RIOC Increases Funding Available for Community Oriented Nonprofits

Public Purpose Grant Applicants at Final Stage, Vying for 50% Larger Pot

Updated 4 weeks ago David Stone
MST&DA hosted the world premiere of Monkey King, a musical created by Jonathan and Kimbirdlee Fadner, featuring local talent.
MST&DA hosted the world premiere of Monkey King, a musical created by Jonathan and Kimbirdlee Fadner, featuring local talent.
Photo: Irina Island Images

Yesterday, the Roosevelt Island Operating Corporation announced schedules for a committee of Residents Association volunteers to oversee final interviews for this year's round of Public Purpose Grants.

RIOC sweetened the pot by 50% this year, allowing up to $150,000 in its budget to help nonprofits serving Roosevelt Island, in response to community pressure. Under the enabling law, the State agency is allowed to award up to 3% of its operating budget but has never come close to that figure.

An average of ten organizations vie for RIOC's grants each year, and they represent a broad range of services, providing help for seniors as well as public school activities. Requests are funneled through RIOC for appropriateness before being handed off to the Common Council.

RIVAA joined forces with RIOC to organize Fall for Arts 2018.
RIVAA joined forces with RIOC to organize Fall for Arts 2018.
© David Stone / Roosevelt Island Daily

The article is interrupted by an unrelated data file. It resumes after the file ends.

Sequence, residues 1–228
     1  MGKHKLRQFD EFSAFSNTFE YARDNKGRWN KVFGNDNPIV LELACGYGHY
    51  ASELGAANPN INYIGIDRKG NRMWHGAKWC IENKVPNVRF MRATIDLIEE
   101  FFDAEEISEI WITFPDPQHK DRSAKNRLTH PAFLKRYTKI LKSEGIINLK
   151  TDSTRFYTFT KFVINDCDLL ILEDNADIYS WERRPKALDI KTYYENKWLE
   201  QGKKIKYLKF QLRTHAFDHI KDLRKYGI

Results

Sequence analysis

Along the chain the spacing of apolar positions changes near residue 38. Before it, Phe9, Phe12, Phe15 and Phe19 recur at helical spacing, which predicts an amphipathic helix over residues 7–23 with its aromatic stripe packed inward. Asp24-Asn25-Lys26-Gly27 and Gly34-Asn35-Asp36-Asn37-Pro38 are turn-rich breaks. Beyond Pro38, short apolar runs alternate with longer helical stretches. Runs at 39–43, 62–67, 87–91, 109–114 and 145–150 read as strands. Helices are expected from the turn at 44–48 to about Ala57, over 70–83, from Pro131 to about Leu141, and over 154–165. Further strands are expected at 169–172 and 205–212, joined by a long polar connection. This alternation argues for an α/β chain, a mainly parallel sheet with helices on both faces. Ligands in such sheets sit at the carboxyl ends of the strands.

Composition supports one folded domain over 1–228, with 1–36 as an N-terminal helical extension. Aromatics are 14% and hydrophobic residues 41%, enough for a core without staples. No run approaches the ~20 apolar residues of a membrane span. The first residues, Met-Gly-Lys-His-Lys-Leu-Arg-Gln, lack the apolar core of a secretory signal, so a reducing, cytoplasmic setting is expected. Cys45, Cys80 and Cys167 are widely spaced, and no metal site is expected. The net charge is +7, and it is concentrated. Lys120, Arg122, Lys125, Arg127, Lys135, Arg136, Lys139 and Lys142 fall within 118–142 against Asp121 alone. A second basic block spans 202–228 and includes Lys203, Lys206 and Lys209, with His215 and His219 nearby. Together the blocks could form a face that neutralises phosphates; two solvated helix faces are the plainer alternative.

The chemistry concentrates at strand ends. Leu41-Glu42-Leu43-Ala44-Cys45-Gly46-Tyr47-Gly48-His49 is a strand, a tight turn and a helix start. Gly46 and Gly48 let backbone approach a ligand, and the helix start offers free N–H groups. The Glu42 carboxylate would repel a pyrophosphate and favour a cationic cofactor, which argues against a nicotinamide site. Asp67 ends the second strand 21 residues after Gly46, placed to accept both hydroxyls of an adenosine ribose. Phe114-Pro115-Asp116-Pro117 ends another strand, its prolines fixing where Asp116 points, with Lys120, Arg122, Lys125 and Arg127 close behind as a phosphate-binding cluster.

It's the Common Council committee's work to review the applications' value to the community and divide up the available cash as it sees fit. Recommendations are presented to the Common Council in whole for approval before being passed back to RIOC for final approval.

RIOC manages a year round practice of ensuring that all grants are used appropriately.

"The non-profit organizations will be making their presentations to the RIRA Public Purpose Funds Committee this Monday, October 22 at 7 p.m. and Thursday, October 25 at 7:30 p.m. at the Good Shepherd Community Center, 543 Main Street. These presentations are open to the public," RIOC announced.

The Carter Burden Network brought a new sewing program for seniors to Roosevelt Island.
The Carter Burden Network brought a new sewing program for seniors to Roosevelt Island.
© David Stone / Roosevelt Island Daily

Who's applying for Public Purpose Funds?

  • PS/Is 217's PTA leads off on Monday, followed by Life Frames (ecological learning); Open Space Institute, better known as iDig@Learn (children learn through plant life); Island Kids (enrichment programming and social support); and the Roosevelt Island Disabled Association.
  • Thursday's round starts with the Carter Burden Network, managers of the Roosevelt Island Senior Center's diverse programing and support. CBN is followed by the Roosevelt Island Historical Society where programs in community enrichment reach far and wide, including maintaining the Visitor Center; Main Street Theatre & Dance Alliance (Classes and performances in all theatre arts); the Roosevelt Island Visual Art Association, an artist collective; and the Wildlife Freedom Foundation, which includes overseeing animal rescue, protection and adoption among its activities.
Anyone interested is welcome to attend the interviews and limited time is set aside for public questions.  
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